Oak Knoll is a quality neighborhood—a good neighborhood—in North Carolina. The neighbors know each other and support each other, so when a new house is built and a new family moves in, everyone knows it. The Whitmans have money, fame, and a daughter who’s hiding things.
Brad Whitman likes everyone knowing his name—and controlling everyone he can. Julia Whitman escaped her trailer-house-and-poverty-filled life for the safety of marriage, and she knows Brad was her way out and her key to continued wealth. And Juniper is tired of being labeled a good girl and doing what everyone else thinks is best for her—and she’s intrigued by the cute boy who lives in the house behind them.
Valerie Aston-Holt is an ecology professor and a single parent to her talented biracial son, Xavier. She nurtures Xavier’s talents and her trees with the same devotion, and when the Whitman’s new home threatens the ancient oak on her property, she knows she must act. When she discovers Xavier’s love for Juniper, she knows there will be complications. But even Valerie can’t foresee just how bad those complications will be.
This book made me angry. Angry because I believe this could so easily happen in our culture—and does happen frequently in a society that thinks because racism isn’t blatant and overt, it isn’t real. So, yeah, anger was my main response to this book.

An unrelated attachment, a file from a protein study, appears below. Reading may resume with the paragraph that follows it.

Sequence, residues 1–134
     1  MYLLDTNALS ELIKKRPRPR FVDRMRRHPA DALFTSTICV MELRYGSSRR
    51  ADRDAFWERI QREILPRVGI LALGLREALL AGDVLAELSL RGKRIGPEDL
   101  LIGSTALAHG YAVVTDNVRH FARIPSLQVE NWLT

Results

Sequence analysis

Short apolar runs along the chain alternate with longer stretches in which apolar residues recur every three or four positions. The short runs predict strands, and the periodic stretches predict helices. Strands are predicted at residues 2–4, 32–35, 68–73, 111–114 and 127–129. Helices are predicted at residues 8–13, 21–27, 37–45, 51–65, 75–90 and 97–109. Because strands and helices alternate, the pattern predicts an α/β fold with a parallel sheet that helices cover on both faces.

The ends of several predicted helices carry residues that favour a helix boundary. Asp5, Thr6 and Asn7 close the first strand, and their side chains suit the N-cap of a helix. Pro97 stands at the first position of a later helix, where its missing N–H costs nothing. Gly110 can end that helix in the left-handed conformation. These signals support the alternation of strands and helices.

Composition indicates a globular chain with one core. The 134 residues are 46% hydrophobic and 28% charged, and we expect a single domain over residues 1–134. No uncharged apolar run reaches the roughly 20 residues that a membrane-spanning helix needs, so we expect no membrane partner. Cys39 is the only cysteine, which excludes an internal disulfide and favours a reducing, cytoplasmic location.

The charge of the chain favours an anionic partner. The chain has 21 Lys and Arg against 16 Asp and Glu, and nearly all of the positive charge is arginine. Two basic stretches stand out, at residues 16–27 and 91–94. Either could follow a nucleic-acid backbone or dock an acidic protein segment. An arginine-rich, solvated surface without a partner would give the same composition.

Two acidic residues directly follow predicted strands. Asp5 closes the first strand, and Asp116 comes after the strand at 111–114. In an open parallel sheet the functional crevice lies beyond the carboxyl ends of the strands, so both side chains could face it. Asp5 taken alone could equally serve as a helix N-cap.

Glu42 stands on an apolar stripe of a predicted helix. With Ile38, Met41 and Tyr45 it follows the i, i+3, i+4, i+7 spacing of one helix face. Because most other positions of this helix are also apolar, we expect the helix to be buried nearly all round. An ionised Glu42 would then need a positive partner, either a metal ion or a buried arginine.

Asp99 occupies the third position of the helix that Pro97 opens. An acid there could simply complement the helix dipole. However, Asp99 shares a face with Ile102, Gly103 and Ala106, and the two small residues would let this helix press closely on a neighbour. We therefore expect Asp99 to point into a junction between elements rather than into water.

I had a little bit of trouble with the point-of-view here, which was a Greek-chorus style narrator, and made the book feel distant to me. I also didn’t find the portrayal of conservative “Christians” (in the book, a Christian is someone who goes to church, and that is not accurate in the least bit) to be anything short of narrow-minded and biased. I have no doubt that some conservatives attend churches like those portrayed in the novel, but not all Christian churches are like that. In the slightest. And the ones that are, are doing people a grave injustice.
The issues the novel is concerned with are real and troubling and horrible, and this portrayal of them brings them to life and makes them personal. Solid writing, intriguing characters (except Brad), and a read I highly recommend, despite its one-sidedness in certain areas.
Therese Anne Fowler is a bestselling author. A Good Neighborhood is her newest novel.
(Galley courtesy of St. Martin’s Press in exchange for an honest review.)